1984: First embryo cloning of sheep

Steen Willadsen reported that he cloned a live lamb from immature sheep embryo cells. Others later reproduced his experiment using a variety of animals, including cattle, pigs, goats, rabbits, and rhesus monkeys.  

1994: Cloning of more advanced embryo cells 

Dr. Neal First of the University of Wisconsin at Madison, who has been Dr.Ian Wilmut's most constant competitor, cloned calves from embryos that have grown to at least 120 cells. 

1996: Foundation laid for cloning of adult sheep 

Dr. Ian Wilmut of Roslin Institute, Roslin, Midlothian in Scotland, United Kingdom repeated Dr. Neal First's experiment with sheep, however he put embryo cells into a resting state before transferring their nuclei to sheep eggs. The eggs developed into normal embryos and then into lambs. 

1997: World's first adult sheep are cloned 

Ian Wilmut, A.E. Schnieke, J. McWhir, A.J. Kind and K.H.S. Campbell reported that they had cloned a 6-year-old adult sheep from an udder (mammary) cell in the world's most prestigious scientific journal, Nature of 27 February 1997(Vol.385, pp.810-813).


The source of DNA (cell nucleus). A mammary cell is removed from the udder of a 6-year-old sheep (ewe) and cultured in a solution that starves it of nutrients to stop its development. Cells are constantly copying their own DNA and dividing. Researchers had to stop the donor cell from replicating its DNA.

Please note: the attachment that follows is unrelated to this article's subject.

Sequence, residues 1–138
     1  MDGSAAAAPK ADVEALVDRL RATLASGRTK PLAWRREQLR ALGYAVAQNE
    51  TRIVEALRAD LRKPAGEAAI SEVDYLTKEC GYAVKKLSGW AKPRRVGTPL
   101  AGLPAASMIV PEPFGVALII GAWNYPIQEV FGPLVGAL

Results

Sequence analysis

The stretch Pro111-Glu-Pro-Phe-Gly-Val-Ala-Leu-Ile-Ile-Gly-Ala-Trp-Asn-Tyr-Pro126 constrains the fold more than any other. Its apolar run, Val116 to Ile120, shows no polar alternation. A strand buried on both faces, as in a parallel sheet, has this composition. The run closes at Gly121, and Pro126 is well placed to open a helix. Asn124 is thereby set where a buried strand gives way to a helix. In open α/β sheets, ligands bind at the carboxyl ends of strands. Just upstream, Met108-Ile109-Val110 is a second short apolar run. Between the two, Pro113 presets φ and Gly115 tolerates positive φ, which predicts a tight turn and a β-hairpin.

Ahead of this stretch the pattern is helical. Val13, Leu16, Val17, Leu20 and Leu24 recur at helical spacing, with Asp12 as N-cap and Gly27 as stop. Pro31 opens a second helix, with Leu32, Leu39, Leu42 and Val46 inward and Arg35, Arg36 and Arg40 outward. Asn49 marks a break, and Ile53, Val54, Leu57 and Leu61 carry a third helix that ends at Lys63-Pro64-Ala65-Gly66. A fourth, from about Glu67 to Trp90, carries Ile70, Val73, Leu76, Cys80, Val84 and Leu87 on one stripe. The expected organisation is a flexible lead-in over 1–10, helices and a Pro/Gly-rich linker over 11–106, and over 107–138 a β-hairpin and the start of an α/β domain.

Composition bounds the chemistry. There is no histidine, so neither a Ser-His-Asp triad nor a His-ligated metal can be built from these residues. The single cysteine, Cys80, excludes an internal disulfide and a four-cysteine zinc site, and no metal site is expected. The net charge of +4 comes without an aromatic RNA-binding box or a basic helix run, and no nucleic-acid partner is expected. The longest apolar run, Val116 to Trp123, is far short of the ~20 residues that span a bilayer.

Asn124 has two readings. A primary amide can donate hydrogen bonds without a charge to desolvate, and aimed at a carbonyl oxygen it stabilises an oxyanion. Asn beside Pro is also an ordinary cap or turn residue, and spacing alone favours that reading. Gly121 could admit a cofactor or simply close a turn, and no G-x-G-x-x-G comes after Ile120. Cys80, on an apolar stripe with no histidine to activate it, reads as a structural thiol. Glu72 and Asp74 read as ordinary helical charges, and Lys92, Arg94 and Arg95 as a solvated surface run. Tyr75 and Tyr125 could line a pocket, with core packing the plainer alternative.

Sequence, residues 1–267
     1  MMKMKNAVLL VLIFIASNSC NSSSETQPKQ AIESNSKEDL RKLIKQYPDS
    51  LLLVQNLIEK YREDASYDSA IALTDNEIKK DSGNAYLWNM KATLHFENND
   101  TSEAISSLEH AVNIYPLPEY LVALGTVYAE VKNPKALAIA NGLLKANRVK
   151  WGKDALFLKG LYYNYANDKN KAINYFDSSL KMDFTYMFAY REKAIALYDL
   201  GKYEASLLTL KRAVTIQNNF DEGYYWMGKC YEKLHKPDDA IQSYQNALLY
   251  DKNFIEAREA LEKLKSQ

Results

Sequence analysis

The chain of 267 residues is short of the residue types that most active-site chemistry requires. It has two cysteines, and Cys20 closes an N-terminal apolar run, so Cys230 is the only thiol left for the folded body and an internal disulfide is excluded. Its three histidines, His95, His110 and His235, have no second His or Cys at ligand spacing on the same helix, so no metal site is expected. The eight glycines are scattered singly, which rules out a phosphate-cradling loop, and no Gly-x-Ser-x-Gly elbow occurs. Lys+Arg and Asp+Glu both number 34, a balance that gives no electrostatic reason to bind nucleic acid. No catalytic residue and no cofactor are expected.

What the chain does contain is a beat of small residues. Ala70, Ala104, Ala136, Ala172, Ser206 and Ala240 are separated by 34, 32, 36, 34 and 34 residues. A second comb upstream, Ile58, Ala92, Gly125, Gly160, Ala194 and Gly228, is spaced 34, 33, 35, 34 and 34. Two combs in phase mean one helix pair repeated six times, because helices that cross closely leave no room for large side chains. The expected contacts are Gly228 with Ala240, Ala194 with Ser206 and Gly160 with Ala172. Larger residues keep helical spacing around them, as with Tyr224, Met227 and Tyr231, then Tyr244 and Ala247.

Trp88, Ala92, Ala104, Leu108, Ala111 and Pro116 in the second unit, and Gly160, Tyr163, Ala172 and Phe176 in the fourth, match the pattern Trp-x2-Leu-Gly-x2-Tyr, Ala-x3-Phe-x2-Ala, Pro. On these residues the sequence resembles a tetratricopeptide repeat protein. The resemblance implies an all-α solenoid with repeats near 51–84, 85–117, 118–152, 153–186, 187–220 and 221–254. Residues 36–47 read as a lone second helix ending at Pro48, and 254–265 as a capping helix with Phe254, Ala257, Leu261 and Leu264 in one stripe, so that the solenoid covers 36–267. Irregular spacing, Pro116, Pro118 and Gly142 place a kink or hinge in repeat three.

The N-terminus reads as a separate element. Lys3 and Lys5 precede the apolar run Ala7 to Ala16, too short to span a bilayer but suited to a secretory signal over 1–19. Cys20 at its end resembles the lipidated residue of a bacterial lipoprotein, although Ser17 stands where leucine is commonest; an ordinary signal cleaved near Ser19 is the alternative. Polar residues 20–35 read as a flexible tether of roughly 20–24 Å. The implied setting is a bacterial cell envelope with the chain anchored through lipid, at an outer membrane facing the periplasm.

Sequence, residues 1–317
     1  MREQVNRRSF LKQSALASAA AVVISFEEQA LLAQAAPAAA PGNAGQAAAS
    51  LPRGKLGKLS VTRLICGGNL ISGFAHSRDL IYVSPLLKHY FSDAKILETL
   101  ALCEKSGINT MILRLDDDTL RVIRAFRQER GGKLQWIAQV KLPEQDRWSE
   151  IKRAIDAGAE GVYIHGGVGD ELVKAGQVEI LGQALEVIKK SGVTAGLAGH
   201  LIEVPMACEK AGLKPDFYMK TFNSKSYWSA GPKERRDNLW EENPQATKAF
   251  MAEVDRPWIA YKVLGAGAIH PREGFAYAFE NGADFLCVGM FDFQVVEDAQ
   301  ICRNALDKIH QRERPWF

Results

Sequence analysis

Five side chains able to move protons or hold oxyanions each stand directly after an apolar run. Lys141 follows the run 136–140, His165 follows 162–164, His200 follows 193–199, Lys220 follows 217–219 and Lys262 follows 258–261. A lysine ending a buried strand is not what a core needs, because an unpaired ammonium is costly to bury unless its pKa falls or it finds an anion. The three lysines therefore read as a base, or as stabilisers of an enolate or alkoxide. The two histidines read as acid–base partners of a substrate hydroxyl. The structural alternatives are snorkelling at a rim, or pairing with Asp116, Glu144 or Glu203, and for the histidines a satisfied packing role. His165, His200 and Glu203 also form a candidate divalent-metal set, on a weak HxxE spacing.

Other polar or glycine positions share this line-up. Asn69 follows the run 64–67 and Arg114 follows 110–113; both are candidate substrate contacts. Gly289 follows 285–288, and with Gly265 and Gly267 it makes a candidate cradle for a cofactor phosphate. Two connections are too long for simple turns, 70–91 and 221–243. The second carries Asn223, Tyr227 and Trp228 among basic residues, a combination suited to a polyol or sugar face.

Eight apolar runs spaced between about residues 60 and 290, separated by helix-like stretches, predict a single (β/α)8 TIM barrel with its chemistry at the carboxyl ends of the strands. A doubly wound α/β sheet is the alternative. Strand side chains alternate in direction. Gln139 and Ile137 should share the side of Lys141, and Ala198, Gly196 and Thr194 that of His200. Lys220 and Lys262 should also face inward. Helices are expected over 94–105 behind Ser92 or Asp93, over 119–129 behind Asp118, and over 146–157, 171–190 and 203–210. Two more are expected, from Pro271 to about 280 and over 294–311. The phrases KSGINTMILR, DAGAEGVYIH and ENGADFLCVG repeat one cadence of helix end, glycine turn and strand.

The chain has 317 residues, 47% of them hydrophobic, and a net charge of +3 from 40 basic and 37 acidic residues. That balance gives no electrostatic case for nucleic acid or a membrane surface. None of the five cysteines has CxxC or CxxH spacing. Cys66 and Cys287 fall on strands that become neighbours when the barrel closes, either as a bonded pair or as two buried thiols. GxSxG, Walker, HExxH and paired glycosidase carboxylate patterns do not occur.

A donor sheep is injected with hormones to release eggs (source of host egg cell). The unfertilized egg's nucleus, and thus its DNA, is removed, eliminating all genetic characteristics of the egg donor. What is in the nucleus? The nucleus contain the chromosomes (27 pairs in sheep and 23 pairs in humans) consisting of proteins and DNA, the genetic material that makes each individual unique. 

The Cell and Egg are Fused and Activated 

The cell (mammary) which is the source of DNA is inserted inside the covering around the egg cell (of donor sheep).

An electrical charge is applied to the two cells causing their pores to open, and the contents of the mammary cell to ooze into the egg. The electrical charge also tricks the egg into believing that it has been fertilized so it starts to divide. Of the 277 cells that were fused only 30 began to develop. It begins to develop like a normal embryo. The cell begins to divide over and over again. Each cell is identical to the original. When the embryo reaches, or is about to reach, the blastocyst stage, and the cells form a hollow ball (blastocyst) before they begin to differentiate or specialize.